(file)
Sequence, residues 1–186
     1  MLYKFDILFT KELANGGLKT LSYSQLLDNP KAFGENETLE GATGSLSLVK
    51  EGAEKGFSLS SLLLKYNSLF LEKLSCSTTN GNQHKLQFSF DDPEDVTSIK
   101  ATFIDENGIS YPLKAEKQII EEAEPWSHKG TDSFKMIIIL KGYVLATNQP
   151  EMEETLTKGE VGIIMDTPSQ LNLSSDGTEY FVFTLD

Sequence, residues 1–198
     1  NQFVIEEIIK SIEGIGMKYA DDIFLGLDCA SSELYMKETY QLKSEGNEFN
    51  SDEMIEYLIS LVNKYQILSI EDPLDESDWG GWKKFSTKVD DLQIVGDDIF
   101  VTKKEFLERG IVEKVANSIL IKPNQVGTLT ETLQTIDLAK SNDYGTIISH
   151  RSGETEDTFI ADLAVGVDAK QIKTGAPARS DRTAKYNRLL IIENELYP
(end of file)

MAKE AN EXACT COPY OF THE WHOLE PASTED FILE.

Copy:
Sequence, residues 1–186
     1  MLYKFDILFT KELANGGLKT LSYSQLLDNP KAFGENETLE GATGSLSLVK
    51  EGAEKGFSLS SLLLKYNSLF LEKLSCSTTN GNQHKLQFSF DDPEDVTSIK
   101  ATFIDENGIS YPLKAEKQII EEAEPWSHKG TDSFKMIIIL KGYVLATNQP
   151  EMEETLTKGE VGIIMDTPSQ LNLSSDGTEY FVFTLD

Sequence, residues 1–198
     1  NQFVIEEIIK SIEGIGMKYA DDIFLGLDCA SSELYMKETY QLKSEGNEFN
    51  SDEMIEYLIS LVNKYQILSI EDPLDESDWG GWKKFSTKVD DLQIVGDDIF
   101  VTKKEFLERG IVEKVANSIL IKPNQVGTLT ETLQTIDLAK SNDYGTIISH
   151  RSGETEDTFI ADLAVGVDAK QIKTGAPARS DRTAKYNRLL IIENELYP